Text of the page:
This is accomplished by observing the changes in blood flow that occur during neuronal activity. Regions of the brain do not have to be structurally connected to have functional connectivity, and a structural connection does not necessarily signify a functional link. This is an observation noted in Dr. Biswal’s paper, “Toward discovery science of human brain function,” published March 9, 2010, in the Proceedings of the National Academy of Sciences.
In December, his findings were cited as the second most significant research advance in 2010 by the National Institute of Mental Health. His research is based on the 1,000 Functional Connectomes Project he oversees, which collects existing fcMRI data from centers worldwide to create an open resource for mapping and understanding brain function.
The database currently includes information from more than 1,400 participants, and Dr. Biswal is working to organize it in a standard format to allow researchers to download the data sets as well as search based on demographic information. Already, it has led Dr. Biswal and his collaborators to demonstrate the presence of a universal functional architecture in the brain and evidence that variations in connectivity follow demographic patterns. There is optimism in the field that this growing body of information will be the basis for eventual translation to clinical applications.
fMRI BOLD activation and resting-state connectivity maps of the rodent sensorimotor system. Figure a is the fMRI task induced brain activation map from direct radial nerve stimulation of the right upper forelimb. The displayed images are located -2.90 mm from bregma. Figures b,c,d are maps resulting from resting-state functional connectivity analysis in normal control rats. In figure b the reference voxels were placed in the right sensorimotor thalamus (SMT). In figure c the reference region was placed in the right primary/secondary motor areas (M1/M2). In figure d the reference region placed was placed in the right caudate putamen CP. (a) is an activation map with a voxel threshold at P = 0.005; (b), (c), and (d) are resting-state maps (0.35 threshold) from representative reference regions marked by asterisks. Results from 15 rats are averaged. Figure e shows a simplified flowchart displaying the brain-system connections involved in the motor and sensory networks in the rodent brain as defined by prior histological studies. Regions listed in the cortex include the M1/M2 and primary/secondary sensory areas (S1, S2). The corpus callosum (CC) contains the highest number of connections to the cortex. The SMT includes the ventral posterior medial thalamic nucleus/ventral posterior lateral thalamic nucleus (VP), the posterior thalamic nucleus (PO), and the ventral lateral thalamic nucleus (VL). The CP and globus pallidus (GP) are included as parts of the basal ganglia.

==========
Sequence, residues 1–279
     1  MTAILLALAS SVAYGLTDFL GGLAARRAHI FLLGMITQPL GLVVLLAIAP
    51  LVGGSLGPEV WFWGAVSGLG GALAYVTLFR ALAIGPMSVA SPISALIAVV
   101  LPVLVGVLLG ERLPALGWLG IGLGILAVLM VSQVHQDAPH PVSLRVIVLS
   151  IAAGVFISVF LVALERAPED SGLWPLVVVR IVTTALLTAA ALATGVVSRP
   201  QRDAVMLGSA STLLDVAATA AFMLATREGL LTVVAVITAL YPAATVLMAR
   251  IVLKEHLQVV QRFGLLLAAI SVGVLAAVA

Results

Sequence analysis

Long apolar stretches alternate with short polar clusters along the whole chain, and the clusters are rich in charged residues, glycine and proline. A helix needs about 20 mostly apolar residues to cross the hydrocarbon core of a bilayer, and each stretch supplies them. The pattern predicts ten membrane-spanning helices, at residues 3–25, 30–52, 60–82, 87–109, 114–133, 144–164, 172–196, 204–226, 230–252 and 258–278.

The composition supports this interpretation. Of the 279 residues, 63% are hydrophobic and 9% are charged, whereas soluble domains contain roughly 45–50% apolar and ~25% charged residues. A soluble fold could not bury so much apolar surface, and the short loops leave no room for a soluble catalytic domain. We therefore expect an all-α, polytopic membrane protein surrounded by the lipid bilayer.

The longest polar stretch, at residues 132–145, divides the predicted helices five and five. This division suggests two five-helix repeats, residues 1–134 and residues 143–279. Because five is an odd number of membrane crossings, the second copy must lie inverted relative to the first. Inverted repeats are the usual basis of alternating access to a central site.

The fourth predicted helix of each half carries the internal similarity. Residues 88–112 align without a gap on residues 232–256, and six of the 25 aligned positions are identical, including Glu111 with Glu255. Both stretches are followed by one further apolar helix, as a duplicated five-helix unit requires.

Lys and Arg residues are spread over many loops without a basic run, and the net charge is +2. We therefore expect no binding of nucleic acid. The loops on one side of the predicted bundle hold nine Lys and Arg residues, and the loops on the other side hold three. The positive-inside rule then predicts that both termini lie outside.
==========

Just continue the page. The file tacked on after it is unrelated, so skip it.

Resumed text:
“A careful characterization of a universal, or gender-, or age-specific architecture may help clinicians to use individual subjects’ specifications to rapidly identify for any differences with a composite architecture of healthy subjects in the same age range,” Dr. Biswal said. “If differences are found, a more thorough and personalized assessment could be done.”
Mental and physical health uses
Researchers foresee a bevy of potential uses for fcMRI. The technology might someday help provide more definitive diagnoses for mental health disorders, such as schizophrenia or bipolar disorder. It may aid in understanding the development and progression of post-traumatic stress disorder and attention deficit hyperactivity disorder as well as evaluate the effect of treatment.
Functional connectivity imaging could possibly be used to determine whether a person in a coma has lost all cognitive faculties or if they have awareness and lack only the ability to physically respond. The brain’s response to anesthesia is another application being explored.
While fMRI has had little clinical success outside of surgery planning for brain tumor excision, fcMRI may be better positioned to provide information that guides clinical decisions, Dr. Pawela said.
“Hopefully, functional connectivity MRI could be a tool that may be missing within the toolbox, so we can try to study some of these disorders,” he said.
At the Medical College, colleagues Shi Jiang Li, PhD, Professor of Biophysics, and Piero Antuono, MD, Professor of Neurology, are using fcMRI in an attempt to discover markers based on altered brain connections for identifying individuals at risk for developing Alzheimer’s disease before symptoms occur. Their scans of healthy subjects, those with mild cognitive disorder and those with Alzheimer’s may help determine the effectiveness of medications for halting or reversing disease progression and the best time to intervene.